From the Buying Director’s table



Mark Pardoe MW – Berry Bros. & Rudd Buying Director – recounts the first of The Buying Director’s Table series, an extraordinary dinner held at the start of the month; an event celebrating wine as liquid history.

This was the first in an occasional series of The Buying Director’s Table: events to provide the opportunity to taste, enjoy and meditate on great and rare wines in quiet and discreet surroundings in the company of the Berry Bros. & Rudd Buying Director. Even in a career blessed with many vinous privileges, this dinner was highlight for me. The theme was a wine from every year ending in five, back to 1945, with the honorary exception being a Calvados from 1965, for obvious meteorological reasons. The evening did not disappoint.

The preparation started for me at 4pm, with the delicate task of removing ancient and crumbling corks from the oldest wines, and to check their condition. No corks emerged intact but the small nip taken from each proved that all the wines were still in good health. Resealed with more modern corks, these wines then waited for the evening.

My four guests arrived for 7pm, to be greeted with the exceptional R & L Legras Blanc de Blancs Cuvée Présidence 2005. Ten years on, it was still fresh and bright, with an old-vine vinosity, but a stripling in the context of what was to follow.

Now seated in the cosiness of the Delft Room, we began with Huet’s 1945 Vouvray Haut Lieu. The stock was acquired by Berry Bros & Rudd by personal agreement with Noël Pinguet in 2013, from his personal reserves after the sale of the famous estate. The wine actually pre-dates Noël’s father-in-law Gaston and was made by the domaine’s founder, and Gaston’s father, Victor, himself a prisoner of war. To begin with such a significant vintage so close to VE Day was humbling. The wine itself was astonishing. Originally a demi-sec but drier now, as older sweet wines usually become, the sugar had evolved into a honeycomb carapace, with the palate filled with a dry, cool stone focus. Becoming more expressive as the air embraced it, it was a superb match for the caramelised veal sweetbread, whose sweetness reinvigorated the wine to perfection.

With the Vouvray now in the rearview mirror, we embarked on our decimatory time-travel. To partner the roast squab pigeon, we paired 2005 Le Pin and 1995 Ch. Lafite. The Le Pin was glossy, succulent, modern and confident, a hint of ironstone behind the plush, arguably unevolved, but with great promise. The Lafite was expressive, a fine nose with some spice and a hint of savoury, just compromised a little by the pinch of tannin on the finish that marks the Left Bank in this so-nearly great vintage.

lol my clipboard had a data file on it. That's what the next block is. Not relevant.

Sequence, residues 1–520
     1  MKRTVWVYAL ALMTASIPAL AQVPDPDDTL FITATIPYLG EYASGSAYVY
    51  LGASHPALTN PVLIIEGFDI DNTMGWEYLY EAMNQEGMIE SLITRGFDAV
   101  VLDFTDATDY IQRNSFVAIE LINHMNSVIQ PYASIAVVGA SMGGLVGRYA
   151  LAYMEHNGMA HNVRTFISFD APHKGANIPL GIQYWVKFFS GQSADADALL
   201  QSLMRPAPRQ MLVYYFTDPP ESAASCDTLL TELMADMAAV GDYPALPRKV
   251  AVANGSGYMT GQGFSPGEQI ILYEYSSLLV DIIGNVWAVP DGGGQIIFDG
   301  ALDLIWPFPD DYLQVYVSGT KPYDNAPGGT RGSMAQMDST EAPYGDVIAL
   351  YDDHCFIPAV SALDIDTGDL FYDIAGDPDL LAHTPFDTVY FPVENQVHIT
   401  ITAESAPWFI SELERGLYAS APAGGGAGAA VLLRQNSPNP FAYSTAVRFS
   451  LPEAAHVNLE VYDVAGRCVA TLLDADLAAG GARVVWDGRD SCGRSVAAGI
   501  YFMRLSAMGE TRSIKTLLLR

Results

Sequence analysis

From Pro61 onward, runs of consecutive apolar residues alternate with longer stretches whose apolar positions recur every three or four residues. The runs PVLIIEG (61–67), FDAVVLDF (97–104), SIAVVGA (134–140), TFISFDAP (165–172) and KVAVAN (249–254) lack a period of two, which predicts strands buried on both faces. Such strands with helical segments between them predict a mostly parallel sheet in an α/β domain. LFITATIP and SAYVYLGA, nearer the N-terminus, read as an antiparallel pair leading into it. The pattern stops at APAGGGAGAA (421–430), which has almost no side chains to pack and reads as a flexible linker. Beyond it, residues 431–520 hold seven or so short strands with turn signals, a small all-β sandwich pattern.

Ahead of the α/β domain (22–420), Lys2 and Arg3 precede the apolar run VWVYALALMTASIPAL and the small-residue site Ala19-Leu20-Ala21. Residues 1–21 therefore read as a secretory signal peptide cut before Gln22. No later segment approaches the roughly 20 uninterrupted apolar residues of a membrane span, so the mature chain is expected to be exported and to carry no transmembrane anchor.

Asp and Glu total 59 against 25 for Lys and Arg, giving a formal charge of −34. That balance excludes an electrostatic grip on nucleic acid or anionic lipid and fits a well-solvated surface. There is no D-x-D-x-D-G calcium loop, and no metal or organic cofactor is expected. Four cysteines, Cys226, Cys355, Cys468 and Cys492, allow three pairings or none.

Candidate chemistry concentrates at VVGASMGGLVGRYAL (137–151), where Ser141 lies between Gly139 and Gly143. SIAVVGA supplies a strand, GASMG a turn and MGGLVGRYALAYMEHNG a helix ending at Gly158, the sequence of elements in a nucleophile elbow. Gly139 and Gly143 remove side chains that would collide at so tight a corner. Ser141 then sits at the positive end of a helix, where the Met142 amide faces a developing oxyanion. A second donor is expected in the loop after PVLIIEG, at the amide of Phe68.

To the main course of rack of lamb, Jersey royals, peas and truffle; simple but intense. A majestic 1985 Ch. Léoville-Las Cases was sumptuous and at the peak of its game, a seamless, charismatic strutting peacock. Suffering by comparison was the 1975 Ch. Margaux, from the Berry and Rudd family reserves. Although tasted at 4pm, I did not decant the wine until at the table and service was required, to preserve as much of the wine’s delicate perfume as possible. The wine, like its cork, did indeed prove friable, a dusty aroma of black tea and a vaulted but echoing architecture. This was the last vintage made before the sale of the château to the Mentzelopoulos family and the start of its great renaissance. After the crash of 1973 and under the remnants of the ownership of the Ginestet family, one had the impression of attenuation but also faded aristocracy.

Once more to the decanting cradle for the 1955 Ch. Latour and 1945 Clos Fourtet; both again from the family reserves. Gently poured into smaller glasses to compact the wine and its aromas, these were revelations. The Latour was only mid-shoulder level in the bottle and did show an element of prune when first poured, but its majestic rise through the next 45 minutes was astonishing, growing in intensity and purity, even against a vigorous cheeseboard. By common consent, this was the wine of the evening although, in its own away, the Vouvray was also exceptional. The Clos Fourtet was, by coincidence, owned in 1945 by Fernand Ginestet, who sold it in 1947 to allow the purchase of Ch. Margaux in 1949, thus connecting it to our Margaux 1975. As to be expected, the Clos Fourtet did not match the Latour for complexity, but it was still delightfully rounded and jovial, the sweet St Emilion fruit still open and fresh. And then finally, to complete the canon, to 1965 for Christian Drouin’s Calvados Coeur de Lion. No such fortitude was necessary; the warmth of the trou normand caressed our repletion and even permitted the occasional return to the last remaining drops of earlier delights.

What made the evening so exceptional was the fact that this was not just a litany of high-scoring trophy wines. Not all were great, although some assuredly were, but it was the contrast, the shading and nuances and the reflection of both history and nature that gave the evening its personality. Even the 1975 Margaux was fascinating; a creation of both its time and circumstance, a memory and marker of times past. That is what wine can do.

Booking for our Autumn / Winter Calendar of Events, including The Buying Director’s Table series, will open on 8th July on Please email Rebecca Lamont, Head of Wine School, to register your interest.